Sustainable Development Goals: Goal 3 - Good Health and Well-being, Goal 4 - Quality Education, Goal 5 - Gender Equality, Goal 6 - Clean Water and Sanitation, Goal 8 - Decent Work and Economic Growth, Goal 9 - Industry, Innovation and Infrastructure, Goal 10 - Reduced Inequalities, Goal 12 - Responsible Consumption and Production Organizations Involved: Black Cat Carbon Engineering, CRR, CECEP Services: Plant Design & Engineering, Due Diligence, Supply Chain Management, Carbon Management, Component Supply
China is the world's largest industrial manufacturer and the world's biggest polluter of the environment and it has committed to reaching net-zero emissions by 2060, an ambitious goal matched by enormous investments that are reshaping the nation’s energy system. Its growth since joining the World Trade Organization is simply astonishing as is the waste it produces.
According to statistics, in 2019, China’s waste tires generated about 330 million, equivalent to a weight of more than 10 million tons, and the amount of waste tires generated by scrapping every year is still growing at a rate of 6% to 8%.
Led by the circular economy policy, in recent years, China’s comprehensive utilization of scrap tires is an industry that has developed rapidly. The recycling rate of waste tires has increased year by year. In 2019, approximately 1,500 enterprises utilized scrap tires which accounted for the recycling of nearly 200 million waste tires (60% recycling rate). Among them, the volume of tire retreading is about 5 million casings that has been achieved, the production of recycled rubber is about 3 million tons, the production of rubber powder is about 1 million tons, and the volume of thermal cracking treatment using pyrolysis has now increased to approximately 1 million tons.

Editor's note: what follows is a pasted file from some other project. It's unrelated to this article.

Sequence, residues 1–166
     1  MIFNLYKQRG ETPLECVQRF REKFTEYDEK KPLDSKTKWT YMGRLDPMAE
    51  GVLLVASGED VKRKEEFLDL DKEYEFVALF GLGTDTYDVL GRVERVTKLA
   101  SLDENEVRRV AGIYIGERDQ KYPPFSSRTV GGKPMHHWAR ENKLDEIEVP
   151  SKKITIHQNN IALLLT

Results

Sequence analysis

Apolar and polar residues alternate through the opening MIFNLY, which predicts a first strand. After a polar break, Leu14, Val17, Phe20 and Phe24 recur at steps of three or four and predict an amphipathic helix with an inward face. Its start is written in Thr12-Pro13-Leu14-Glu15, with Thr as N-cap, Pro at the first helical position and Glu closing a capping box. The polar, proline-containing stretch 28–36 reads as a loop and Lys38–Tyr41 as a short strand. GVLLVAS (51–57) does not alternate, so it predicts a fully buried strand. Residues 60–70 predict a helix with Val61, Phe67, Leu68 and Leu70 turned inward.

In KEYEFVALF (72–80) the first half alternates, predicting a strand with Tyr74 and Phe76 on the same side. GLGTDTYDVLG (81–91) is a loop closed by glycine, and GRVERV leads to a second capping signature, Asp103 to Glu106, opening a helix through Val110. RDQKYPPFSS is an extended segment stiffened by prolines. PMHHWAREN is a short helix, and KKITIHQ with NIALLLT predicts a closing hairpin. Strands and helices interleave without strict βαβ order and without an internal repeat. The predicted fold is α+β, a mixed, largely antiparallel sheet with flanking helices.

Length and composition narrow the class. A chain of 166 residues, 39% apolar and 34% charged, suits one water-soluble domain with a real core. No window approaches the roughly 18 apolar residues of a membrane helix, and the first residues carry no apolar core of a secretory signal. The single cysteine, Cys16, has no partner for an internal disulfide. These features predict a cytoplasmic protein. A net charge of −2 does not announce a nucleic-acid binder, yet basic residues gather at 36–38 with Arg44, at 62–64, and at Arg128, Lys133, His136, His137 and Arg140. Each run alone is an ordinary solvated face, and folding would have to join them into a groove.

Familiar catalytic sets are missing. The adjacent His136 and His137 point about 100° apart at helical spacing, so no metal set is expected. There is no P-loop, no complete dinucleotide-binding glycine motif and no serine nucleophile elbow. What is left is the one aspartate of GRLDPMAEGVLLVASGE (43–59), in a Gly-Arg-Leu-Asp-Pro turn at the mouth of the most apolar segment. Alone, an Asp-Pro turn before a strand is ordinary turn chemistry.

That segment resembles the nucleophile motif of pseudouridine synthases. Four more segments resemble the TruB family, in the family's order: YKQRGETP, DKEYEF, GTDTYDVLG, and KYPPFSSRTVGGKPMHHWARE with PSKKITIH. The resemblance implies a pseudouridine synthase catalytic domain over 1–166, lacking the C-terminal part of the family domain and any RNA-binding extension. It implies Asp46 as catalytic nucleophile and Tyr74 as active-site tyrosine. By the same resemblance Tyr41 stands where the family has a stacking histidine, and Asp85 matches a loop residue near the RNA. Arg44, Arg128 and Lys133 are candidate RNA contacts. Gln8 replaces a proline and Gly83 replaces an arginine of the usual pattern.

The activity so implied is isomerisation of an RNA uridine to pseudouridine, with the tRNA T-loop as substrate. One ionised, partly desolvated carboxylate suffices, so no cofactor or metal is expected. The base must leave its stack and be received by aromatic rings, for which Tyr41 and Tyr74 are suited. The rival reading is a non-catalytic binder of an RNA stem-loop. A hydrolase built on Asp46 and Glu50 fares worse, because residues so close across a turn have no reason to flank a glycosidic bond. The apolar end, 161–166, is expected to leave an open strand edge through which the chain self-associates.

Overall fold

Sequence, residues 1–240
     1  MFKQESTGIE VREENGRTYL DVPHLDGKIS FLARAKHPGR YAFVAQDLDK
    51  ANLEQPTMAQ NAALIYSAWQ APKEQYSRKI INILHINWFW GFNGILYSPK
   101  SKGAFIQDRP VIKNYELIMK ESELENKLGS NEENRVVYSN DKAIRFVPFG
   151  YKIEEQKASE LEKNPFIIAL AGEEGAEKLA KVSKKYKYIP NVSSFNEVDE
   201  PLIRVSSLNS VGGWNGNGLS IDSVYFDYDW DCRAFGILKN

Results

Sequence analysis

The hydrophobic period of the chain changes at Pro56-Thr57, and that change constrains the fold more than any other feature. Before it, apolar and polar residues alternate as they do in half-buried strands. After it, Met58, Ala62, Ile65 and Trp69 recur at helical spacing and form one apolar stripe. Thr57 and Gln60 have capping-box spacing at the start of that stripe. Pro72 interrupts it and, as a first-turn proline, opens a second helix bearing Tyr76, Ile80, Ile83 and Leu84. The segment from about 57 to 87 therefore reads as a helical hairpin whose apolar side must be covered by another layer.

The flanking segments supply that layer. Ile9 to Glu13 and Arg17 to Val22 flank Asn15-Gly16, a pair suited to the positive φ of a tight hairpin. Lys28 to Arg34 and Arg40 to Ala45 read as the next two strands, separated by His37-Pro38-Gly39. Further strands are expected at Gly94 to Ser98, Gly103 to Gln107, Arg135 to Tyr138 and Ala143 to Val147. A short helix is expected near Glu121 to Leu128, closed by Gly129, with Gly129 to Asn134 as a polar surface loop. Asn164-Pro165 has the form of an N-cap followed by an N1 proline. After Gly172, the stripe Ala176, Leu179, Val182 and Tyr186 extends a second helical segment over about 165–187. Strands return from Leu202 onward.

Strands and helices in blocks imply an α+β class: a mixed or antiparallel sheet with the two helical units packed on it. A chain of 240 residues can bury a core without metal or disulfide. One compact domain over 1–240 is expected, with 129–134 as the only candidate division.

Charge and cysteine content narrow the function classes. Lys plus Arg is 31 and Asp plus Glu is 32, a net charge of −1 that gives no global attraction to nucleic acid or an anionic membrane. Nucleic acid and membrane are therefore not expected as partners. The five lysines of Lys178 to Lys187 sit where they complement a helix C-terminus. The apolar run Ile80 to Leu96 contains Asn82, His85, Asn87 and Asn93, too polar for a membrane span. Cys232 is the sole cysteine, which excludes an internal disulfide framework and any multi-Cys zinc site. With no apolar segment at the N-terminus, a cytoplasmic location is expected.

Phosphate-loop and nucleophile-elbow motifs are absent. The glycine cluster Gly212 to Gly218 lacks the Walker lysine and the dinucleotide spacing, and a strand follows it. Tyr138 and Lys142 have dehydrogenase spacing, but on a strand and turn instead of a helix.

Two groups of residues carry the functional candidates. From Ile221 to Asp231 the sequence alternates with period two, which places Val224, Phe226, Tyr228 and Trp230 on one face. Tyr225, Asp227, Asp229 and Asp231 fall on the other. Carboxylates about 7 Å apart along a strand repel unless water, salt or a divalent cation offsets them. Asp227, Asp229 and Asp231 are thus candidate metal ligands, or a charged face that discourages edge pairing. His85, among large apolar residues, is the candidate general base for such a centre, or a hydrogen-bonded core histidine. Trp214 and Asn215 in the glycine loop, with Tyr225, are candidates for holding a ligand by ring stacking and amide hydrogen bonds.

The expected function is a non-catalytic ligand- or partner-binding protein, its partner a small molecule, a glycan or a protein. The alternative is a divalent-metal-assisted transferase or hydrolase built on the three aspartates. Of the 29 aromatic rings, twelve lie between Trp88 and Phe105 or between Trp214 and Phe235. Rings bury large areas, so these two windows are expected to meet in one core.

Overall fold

The majority of scrap tires were recycled to produce rubber and rubber powders which accounted for more than 50% of the total annual recycled volume. Thermal cracking using pyrolysis technologies has accounted for a very low percentage of recycling due to the pyrolysis ban in China and tire retreading accounted for approximately 10%.
Tire retreading is the preferred way to recycle tires and is considered the best reuse practice. Retreading saves 75% of the raw material used in scrap tire recycling. Retreading also saves approximately 50% of the energy of making a new tire and a retreaded tire offers significant savings to the consumer of approximately 50% along with milage expectations equivalent to a new tire.
Superior performance with cost-effectiveness, why is China’s tire retreading rate so low? At present, the lack of mandatory retreading standards for domestic tires, the existence of heavy vehicles “a drive to waste” situation, tire wear to the end of the considered life of tires, makes the replacement of the tire casing/carcass to lower quality which cannot meet the retreading requirements.